Front Page

SSC3019 2003-10-21

Track List

Intro Jingle/The First Step - 6:05
Front Page - 4:55
Marie Tcha Tcha - 4:13
The Eyes Of Jesus Christ - 5:44
D.B.D. - 3:45
Valbonne Song - 4:14
Dinello - 1:10
Living Hope - 5:07
Chutes Libres - 2:30
Zoe\'S Little Waltz - 4:26
Timothee - 5:04
I Wait For The Lord - 2:45
Joseph - 4:37


Biréli Lagrène - guitar
Dominique Di Piazza - bass
Dennis Chambers - drums

This is the story of a close encounter of the third kind (in theory, very close, and musically, it's highly original) : guitarist Biréli Lagrène inviting bassist Dominique Di Piazza and drummer Dennis Chambers to come and play with him… both were musicians who'd been in rhythm sections for ages, but in many contexts - the Southerner and the American stamped the Eighties with their sound - whereas Django's descendant didn't come into view until the turn of the following decade. But there the difference ends : all three have a musical inventiveness that any leader could count on for support, and each of them has in fact enough talent in his fingers to lead his own band… Hence the "Front Page" of the title, a page with a triple header, and a triple understanding to go with it. The stakes here have nothing to do with their names as individuals, because all the playing is based on the sound of the whole unit. This is what brings union to the ensemble, a unity of elements that are complementary, not contrary.

Yes, all three are eclectic and electric virtuosos who wield as much talent in their finesse of touch as they produce speed in their dexterity, and yet all three are capable of both rejoicing and sadness. Yes, they represent three separate traditions, from American funk to gypsy jazz, traditions that collide, without confusion, in explosive, detonating union. Yes, these three musicians did have a lot to do with (and learn from) John McLaughlin - incidentally he's a guest here, the time it takes to play a brilliant "Joseph" - and it's a fact that their sound as a rhythm section also took on further shape alongside the British guitarist (and the young, former 6-string prodigy listened a great deal to his illustrious elder). All effects have a cause. Yes, these three are familiar with the trio format, with which they've experimented more than once in the jazz world. It's a format where they learned to listen, breathe, and inspire one another. The trio format is one that teaches players to hear each other, and not play as soloists, but rather gain new impetus from each turn of improvisation, each stroke of inspiration. These players in the format have geometry - they're a triangle whose three summits play straight and square, but in circular fashion, tracing lines of escape beyond the patterns constructed on the score.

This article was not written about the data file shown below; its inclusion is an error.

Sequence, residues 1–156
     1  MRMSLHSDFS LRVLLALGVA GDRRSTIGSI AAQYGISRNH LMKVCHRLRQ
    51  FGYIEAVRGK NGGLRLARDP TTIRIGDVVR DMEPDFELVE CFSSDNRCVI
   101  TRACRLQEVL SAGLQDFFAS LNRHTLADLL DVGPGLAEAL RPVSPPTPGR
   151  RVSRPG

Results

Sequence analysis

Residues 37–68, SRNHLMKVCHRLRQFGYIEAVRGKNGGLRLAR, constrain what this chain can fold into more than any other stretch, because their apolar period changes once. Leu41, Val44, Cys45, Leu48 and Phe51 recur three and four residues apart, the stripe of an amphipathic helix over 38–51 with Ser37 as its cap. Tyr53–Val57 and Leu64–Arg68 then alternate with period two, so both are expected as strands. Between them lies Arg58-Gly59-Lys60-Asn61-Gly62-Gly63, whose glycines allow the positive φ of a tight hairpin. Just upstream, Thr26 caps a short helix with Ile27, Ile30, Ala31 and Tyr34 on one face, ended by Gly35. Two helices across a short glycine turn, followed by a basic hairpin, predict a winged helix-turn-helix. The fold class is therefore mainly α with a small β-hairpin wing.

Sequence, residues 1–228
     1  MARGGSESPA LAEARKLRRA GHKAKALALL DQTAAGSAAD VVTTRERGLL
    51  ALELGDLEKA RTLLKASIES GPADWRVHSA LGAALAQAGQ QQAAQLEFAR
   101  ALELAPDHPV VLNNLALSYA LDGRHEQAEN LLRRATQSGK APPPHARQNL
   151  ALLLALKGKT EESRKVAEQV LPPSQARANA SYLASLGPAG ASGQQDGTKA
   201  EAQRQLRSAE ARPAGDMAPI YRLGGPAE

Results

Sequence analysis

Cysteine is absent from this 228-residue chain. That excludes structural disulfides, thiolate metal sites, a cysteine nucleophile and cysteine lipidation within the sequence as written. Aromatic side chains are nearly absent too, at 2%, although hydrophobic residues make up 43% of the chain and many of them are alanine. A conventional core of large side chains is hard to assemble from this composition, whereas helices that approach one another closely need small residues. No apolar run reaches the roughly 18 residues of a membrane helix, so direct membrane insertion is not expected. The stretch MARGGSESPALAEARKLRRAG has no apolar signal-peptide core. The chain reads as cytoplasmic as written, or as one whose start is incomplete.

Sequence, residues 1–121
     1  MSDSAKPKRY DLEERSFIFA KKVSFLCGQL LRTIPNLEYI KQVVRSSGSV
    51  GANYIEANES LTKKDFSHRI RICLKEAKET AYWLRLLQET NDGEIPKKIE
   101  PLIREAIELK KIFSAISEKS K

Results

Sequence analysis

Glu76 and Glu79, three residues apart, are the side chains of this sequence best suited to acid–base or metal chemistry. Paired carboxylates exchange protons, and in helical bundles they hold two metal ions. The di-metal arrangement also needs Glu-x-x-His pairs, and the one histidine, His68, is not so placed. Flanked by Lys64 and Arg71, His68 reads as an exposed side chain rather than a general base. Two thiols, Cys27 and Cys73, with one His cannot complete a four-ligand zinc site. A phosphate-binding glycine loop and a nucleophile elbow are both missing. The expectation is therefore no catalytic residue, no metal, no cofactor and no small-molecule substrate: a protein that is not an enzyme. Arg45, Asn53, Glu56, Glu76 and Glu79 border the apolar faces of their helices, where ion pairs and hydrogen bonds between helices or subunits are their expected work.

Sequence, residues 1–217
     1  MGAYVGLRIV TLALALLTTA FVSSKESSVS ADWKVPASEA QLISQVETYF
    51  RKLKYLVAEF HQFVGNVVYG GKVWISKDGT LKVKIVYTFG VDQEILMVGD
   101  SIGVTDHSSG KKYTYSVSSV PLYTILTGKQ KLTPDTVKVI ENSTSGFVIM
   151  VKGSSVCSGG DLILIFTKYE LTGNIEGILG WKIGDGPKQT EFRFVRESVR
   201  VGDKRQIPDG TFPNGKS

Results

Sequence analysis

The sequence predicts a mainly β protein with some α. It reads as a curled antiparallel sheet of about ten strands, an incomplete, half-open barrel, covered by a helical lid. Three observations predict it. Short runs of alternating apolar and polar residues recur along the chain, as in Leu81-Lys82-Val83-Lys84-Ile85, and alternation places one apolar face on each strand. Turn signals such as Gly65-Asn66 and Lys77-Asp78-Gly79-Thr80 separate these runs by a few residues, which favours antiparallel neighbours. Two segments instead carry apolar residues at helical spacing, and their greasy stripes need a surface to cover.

It's no coincidence that the themes chosen testify to an eclecticism that's both explosive and brilliant - these are compositions that tell stories, the lives and desires of each of them, by turns tinted with a zest of swing guitar, a line of bass funk, and a sudden, swaying percussive burst. With nimble fingers and a refined ear, the heart of "Front Page" breathes jazz that is plural, from restrained ballads to unbridled outbursts. Labels waltz, hips shake, they pause without posing… the bass walks on alone, the tempo's right, the guitar hits a shot from a sensitive string, the drums sway without the hint of a swagger… the paths they could take here are multiple, and always a pretext for building playgrounds far from the beaten track. There's joy at full tilt, carefree and devil-may-care at just the right speed, and then just the right notes come in, a waterfall that dies away into a less exuberant phrase where each takes his own time, with sweet arpeggios slipping over chords. The trio even multiplies figures of style, playing solo or duets, no matter, for each has a voice to be heard.

If this was a race, even with your head spinning at the finish, you could put money on any combination of the three and still have a winner.